Storied China 2011 (1 of 6)

This story happened to my grandfather, and this incident totally changed the fate of my family. At that time, our nation was going through a rough passage, the Cultural Revolution, and people lived in a situation of social unrest.

My grandfather was a businessman when he was young. One day he went to the market to do some business as usual. Everything was running in a normal way. When it was getting around noon, few people walking on the street, he started to pack up the good[s] and was going to go back home. However, he didn’t go far. A voice came from behind, “Stop here, and put up your hands.” My grandfather was shocked and was going to turn around when a gun was pointing at the back of his head.

Time was running. My grandmother was waiting for his coming back but no one returned at the end of the day. [The] next morning my grandmother went to the market to inquire [as to the whereabouts] of my grandfather, but no one saw him after the market. After a few days, news came that my grandfather was kidnapped by some criminals, and they asked for 200,000 [RMB] to redeem my grandfather.

The news surprised my grandmother and caused a discussion in my family. Some relatives insisted that it was too much to afford it. If so, our family would decline. Others held that we should report the incident to the police. However, my great-grandfather said, ”He is the only son for this generation, and we can’t abandon him. Also, reporting to the police may make him in danger.” At last, he decided to redeem my grandfather with 200,000 [RMB]. This was really a heavy incident in my family, and since then, my family had been living a poor life [in the village].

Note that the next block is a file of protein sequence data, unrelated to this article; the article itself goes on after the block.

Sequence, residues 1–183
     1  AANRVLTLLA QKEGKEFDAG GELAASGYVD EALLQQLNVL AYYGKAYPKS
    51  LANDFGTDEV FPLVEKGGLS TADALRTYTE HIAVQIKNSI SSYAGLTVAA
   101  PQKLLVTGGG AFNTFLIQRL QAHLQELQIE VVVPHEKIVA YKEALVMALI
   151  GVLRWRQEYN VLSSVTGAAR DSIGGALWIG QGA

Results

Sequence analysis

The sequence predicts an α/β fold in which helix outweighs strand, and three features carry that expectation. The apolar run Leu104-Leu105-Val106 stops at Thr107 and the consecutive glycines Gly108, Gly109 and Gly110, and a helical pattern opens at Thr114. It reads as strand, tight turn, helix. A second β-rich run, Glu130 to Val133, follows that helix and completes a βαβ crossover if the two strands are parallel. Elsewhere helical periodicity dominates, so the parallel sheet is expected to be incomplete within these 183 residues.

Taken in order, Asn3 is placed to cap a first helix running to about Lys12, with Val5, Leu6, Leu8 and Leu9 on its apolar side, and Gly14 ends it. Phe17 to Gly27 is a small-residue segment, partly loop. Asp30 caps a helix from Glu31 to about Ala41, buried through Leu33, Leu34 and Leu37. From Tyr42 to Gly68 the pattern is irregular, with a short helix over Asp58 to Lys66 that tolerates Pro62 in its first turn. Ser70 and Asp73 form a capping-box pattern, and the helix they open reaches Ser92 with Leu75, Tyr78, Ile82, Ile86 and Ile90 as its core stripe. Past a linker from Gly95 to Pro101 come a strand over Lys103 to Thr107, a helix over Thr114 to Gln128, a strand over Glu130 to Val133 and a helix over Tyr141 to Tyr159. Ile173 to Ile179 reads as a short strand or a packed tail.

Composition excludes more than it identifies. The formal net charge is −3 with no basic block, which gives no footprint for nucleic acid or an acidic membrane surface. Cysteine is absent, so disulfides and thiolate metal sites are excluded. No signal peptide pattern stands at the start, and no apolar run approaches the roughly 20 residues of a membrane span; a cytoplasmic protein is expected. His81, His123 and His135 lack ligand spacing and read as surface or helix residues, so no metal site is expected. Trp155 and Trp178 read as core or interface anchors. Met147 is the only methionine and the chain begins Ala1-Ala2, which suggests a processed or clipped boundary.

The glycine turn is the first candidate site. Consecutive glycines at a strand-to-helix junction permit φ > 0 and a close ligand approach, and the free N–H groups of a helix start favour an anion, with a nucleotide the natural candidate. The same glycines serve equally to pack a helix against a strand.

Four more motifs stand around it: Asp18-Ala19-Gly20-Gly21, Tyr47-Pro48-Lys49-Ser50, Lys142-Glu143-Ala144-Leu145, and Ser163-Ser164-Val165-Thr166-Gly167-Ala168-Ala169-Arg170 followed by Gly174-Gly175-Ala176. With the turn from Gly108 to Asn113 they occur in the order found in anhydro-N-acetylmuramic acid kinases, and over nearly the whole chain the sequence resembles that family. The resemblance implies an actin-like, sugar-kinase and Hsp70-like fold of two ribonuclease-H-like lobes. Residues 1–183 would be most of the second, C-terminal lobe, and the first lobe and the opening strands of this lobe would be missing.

This semester, I asked students to call the oldest person in their families and to ask that person to tell them a story that they had never heard before. They then translated and told the story in English. While we’re away traveling, I thought I’d let my students tell their stories. To preserve their privacy, I have not credited the authors, but I have gotten their permission to let you listen in. The stories vary—sometimes simple, sometimes Earth shattering, sometimes otherworldly. I have not edited their stories unless I needed to help the flow. My edits are in brackets. [ ] Check back for more. There will be a new one posted each Wednesday through Feb. 23.

One thought on “Storied China 2011 (1 of 6)”

  1. wow, I can’t wait to read the other stories. This must have impacted them ….to hear these stories about their families. thanks for sharing.

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